Likert Scales and Coding Groups (Copying Value Labels) – Part 1

Learn about Likert Scales in SPSS and how to copy labels from one variable to another in this video. Entering codes for Likert Scales into SPSS is also covered.

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Video Transcript: In this video we’ll take a look at how to enter value labels for a variable which will be review since we’ve done that before. But then I also want to show you how to apply value labels that were entered for one variable to a number of different variables which can be really useful as it’s a great time saver. Here in this data set notice that I have 10 people and I have the variables gender, item 1, 2, 3, 4, and 5. And they answered on what’s known as a Likert scale. Now you very well may have heard of a Likert scale before and the first thing is you may have heard of it called LIKE-ERT scale which is very common to call it that but it’s actually Likert, so it’s pronounced LICK-ERT instead of LIKE-ERT and it was developed by Rensis Likert in the early to middle 1900s he developed the scale. And it’s used so commonly, it’s used in this 5-point option as you see here, 5 to 1, and we’ll talk about that in just a moment. You’ll also see it in a 7-point option, it’s very commonly used that way. And less commonly so but you’ll see it in other ways like 9-point scale and so forth. And it’s used with many different kinds of descriptions like definitely true, somewhat true, and so forth; not just agree as you see here. So, in the most traditional use of this scale, which is what we see right here, we have a 5=strongly agree, a 4=agree, 3 is neither agree nor disagree – this is sometimes called neutral – 2 is disagree and then 1 is strongly disagree. On item 1 they would read the following statement: I can turn to others for support when needed. And then what they do is they read that item, they look at these 5 options, and if it’s someone who has a lot of support in their network or friendships or what have you, they might answer 5, strongly agree, or 4, agree. And if it’s someone who doesn’t experience a lot of social support, they might answer a 1 for strongly disagree or a 2 for disagree and so on. So, the first person here in row 1, notice for item 1 they answered a 4, so they answered agree. Item 2 they answered a 5 for strongly agree and so on. If we look down item 1, did anyone answer strongly disagree – let’s take a look at that. We’re looking for a 1 here, and notice that participant number 9, they answered a 1 on item 1, so they answered strongly disagree, and so on. So what I want to do here is go ahead and enter the value labels for item 1 so we’re going to enter these into SPSS that you see here. And then I want to show you how to apply those to the remaining items in a very quick way. First of all, notice that we have gender, if I click on my value labels button here as a review, gender is already coded, I already entered those. But what I don’t have entered is item 1, item 2, 3, 4, and 5. And I’d like to go ahead and enter those to have them in the dataset, so if I go back and look at this file at a later time, I’ll remember that a 5 corresponded to strongly agree and a 1 corresponded to strongly disagree, so in other words I’ll know which direction this scale is scored, and what I mean by that is higher scores indicate greater social support because people strongly agreed with a given item. Whereas lower scores indicated less social support. Since we’re looking at entering value labels, let’s begin with item 1. So I could either double-click on item 1 or I could go to the variable view tab. Let’s go ahead and double-click on item 1 right at the column heading here that’s “name”. So I double-click on that and notice it takes me to the variable view window. So that’s a quick way to get there if you want to access the variable view window. And then we’ll go to the “values” column here, click on the “None” cell and then notice the 3 dots appear. So I click on that and then here let’s start with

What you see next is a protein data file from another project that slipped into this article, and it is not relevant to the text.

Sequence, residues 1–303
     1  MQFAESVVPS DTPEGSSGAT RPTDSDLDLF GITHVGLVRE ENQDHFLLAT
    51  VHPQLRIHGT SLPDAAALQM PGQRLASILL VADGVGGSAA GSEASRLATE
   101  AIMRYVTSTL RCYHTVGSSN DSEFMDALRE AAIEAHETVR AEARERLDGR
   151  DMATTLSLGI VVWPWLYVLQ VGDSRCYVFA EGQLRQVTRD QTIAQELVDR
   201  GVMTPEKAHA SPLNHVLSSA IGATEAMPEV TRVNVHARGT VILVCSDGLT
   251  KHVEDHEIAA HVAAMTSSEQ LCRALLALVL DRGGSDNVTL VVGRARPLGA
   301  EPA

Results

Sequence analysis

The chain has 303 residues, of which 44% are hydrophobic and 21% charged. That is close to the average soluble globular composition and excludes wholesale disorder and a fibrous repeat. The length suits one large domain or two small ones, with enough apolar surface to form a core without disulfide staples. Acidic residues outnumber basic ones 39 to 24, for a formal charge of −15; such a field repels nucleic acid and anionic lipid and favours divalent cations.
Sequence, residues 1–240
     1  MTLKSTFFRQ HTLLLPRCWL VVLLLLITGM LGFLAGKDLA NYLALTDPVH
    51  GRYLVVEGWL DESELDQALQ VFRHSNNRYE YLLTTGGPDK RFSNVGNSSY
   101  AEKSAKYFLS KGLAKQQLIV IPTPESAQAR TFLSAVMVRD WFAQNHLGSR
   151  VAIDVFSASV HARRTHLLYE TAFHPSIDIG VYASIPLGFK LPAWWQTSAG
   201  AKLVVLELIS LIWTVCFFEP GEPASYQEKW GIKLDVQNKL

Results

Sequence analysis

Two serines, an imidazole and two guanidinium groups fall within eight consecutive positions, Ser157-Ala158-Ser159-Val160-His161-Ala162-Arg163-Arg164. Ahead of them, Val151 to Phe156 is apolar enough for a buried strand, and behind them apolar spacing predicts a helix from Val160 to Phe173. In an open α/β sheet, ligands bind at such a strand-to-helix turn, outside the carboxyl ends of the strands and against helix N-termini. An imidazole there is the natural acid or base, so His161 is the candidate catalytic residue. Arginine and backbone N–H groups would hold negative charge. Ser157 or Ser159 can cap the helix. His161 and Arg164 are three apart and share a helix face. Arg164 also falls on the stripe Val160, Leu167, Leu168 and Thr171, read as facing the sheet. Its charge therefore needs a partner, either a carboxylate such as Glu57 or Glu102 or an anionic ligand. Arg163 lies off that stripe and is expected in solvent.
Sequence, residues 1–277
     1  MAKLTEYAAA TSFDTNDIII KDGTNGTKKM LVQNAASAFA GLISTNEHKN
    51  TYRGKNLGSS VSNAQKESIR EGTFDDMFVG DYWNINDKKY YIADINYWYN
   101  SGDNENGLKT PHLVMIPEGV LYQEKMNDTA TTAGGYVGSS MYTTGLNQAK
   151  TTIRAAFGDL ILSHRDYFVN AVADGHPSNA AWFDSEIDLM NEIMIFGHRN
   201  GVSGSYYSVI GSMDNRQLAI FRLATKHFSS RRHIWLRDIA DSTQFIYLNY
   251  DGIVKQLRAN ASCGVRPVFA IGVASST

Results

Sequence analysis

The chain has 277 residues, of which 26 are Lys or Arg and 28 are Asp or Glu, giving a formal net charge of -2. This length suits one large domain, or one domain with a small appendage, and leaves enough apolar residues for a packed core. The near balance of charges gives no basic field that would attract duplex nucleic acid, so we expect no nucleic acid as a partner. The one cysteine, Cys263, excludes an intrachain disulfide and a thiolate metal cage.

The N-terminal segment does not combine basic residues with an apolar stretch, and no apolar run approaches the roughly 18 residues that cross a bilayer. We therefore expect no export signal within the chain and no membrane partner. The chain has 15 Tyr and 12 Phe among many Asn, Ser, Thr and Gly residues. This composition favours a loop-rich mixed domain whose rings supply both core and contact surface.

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Video on adding Likert items together to create a total score:

Likert Scales
Strongly Agree to Strongly Disagree
Likert in SPSS



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